Anyone who solders should know the basics of how to use a solder wick, which is braided copper wire. This tool will help to remove solder from any solder joints that you need to change. This is an especially useful tool for those who need to remove solder from circuit boards or when removing components, wires, or excess solder used on terminal posts or other types of soldered joints. Because soldering can be difficult when you first begin, a solder wick would be handy to clean-up any mistakes that you might make. The use of these wicks is very simple, and they can save you from damaging components or PC boards that would otherwise get over-heated trying to remove excess solder with the soldering iron alone.
Step 1 - Prepare Safety Materials
Set up the exhaust fan so that it will carry the fumes from soldering away from you. If you do not have an exhaust fan, or if the material on which you need to work is not in a location where a fan will work, you can use a safety mask. Do not forget to wear your safety goggles to protect your eyes from solder and other debris.
Step 2 - Plug in the Soldering Iron
Plug the soldering iron into the outlet and while waiting for it to reach its working temperature, moisten the cleaning sponge or a small piece of cotton cloth to clean the iron's tip. Make sure that the iron is safely in its holder so that it does not fall out. It will generally take three to five minutes for most soldering irons to heat to their optimal temperature.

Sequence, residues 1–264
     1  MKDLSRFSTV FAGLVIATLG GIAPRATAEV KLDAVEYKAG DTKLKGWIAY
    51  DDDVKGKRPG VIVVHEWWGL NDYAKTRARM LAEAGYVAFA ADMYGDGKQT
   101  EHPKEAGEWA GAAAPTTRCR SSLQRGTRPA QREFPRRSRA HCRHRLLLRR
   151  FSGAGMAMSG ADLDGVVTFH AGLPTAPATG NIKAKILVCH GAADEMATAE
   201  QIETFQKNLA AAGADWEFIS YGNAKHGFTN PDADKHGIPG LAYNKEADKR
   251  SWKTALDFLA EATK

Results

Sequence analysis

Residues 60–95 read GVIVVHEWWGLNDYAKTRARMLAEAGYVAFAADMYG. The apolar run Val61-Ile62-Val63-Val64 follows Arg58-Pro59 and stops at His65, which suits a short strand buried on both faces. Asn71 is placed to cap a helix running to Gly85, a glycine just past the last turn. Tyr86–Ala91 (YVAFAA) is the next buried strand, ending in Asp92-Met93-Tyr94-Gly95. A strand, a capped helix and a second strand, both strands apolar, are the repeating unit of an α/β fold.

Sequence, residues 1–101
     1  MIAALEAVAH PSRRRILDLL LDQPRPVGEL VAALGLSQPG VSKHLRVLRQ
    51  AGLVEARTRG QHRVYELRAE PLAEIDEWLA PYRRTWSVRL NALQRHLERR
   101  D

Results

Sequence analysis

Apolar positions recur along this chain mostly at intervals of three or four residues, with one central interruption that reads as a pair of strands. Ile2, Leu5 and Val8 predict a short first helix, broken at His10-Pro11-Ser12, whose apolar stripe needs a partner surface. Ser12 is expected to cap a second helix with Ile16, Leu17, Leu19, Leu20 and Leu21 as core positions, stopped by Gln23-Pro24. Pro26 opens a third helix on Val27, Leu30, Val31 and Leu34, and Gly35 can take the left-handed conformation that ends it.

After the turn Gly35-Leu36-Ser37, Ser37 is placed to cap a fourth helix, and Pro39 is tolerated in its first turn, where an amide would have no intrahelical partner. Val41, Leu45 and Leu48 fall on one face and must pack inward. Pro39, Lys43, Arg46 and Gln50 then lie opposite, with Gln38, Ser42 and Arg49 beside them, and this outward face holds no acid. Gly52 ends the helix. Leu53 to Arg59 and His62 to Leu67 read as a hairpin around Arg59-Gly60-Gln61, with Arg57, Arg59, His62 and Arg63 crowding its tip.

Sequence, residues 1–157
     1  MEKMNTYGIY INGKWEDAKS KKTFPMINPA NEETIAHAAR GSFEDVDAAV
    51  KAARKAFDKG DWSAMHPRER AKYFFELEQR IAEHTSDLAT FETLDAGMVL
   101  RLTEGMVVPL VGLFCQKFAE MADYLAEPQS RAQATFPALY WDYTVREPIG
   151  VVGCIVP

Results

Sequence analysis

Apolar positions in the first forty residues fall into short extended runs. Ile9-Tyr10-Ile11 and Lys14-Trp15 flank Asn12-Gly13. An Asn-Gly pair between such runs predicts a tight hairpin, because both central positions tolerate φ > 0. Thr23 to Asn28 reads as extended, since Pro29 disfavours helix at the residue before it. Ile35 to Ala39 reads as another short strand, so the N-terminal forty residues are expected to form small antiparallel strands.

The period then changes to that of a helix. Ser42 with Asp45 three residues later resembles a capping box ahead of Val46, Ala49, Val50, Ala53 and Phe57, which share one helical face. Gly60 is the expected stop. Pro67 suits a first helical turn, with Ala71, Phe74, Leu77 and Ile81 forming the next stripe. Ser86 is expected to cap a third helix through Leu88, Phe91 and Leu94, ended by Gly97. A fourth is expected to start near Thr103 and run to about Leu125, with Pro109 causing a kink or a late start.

Step 3 - Use the Solder Wick
To provide better contact and therefore better heat transfer, once the soldering iron reaches its operating temperature, use the moistened cloth or sponge to wipe off the tip and thus removing all dirt and debris gattered on it from previous use. With the tip back to its shiny appearance, take a length of the solder wick and hold it on the joint from which you need to remove the solder. Now that the soldering iron is heated up, you can apply the iron to the tip of the wick as well. The heat from the soldering iron will melt the solder. As the solder melts, it will be drawn onto the copper wiring. Be careful however not to overexpose any components or circuit board to excessive heat, so if it seems to take too long for the solder to melt, touch the soldering iron to your solder wire, but just barely so to just "wet" the end of its tip as this will improve conductivity and heat transfer. The solder will then flow up the braid and stick to it. The process through which this occurs is called capillary action, and that's the action that removes the solder from the joint.
Step 4 - Cut the Wick
When the wick is coated with the solder that needed to be removed, take the wick away from the heat and return the soldering iron to its holder. You can then cut off the tip of the solder wick that is now covered in solder. Check any of the other joints that might need to have solder removed and repeat the process. If you have one joint that has a large amount of solder, you may have to repeat the process.
Step 5 - Clean Up
Turn off the soldering iron and wait for it to cool down when you are finished. Dispose of the solder covered wick and clean up your work area so that it will be ready for you the next time that you have to solder.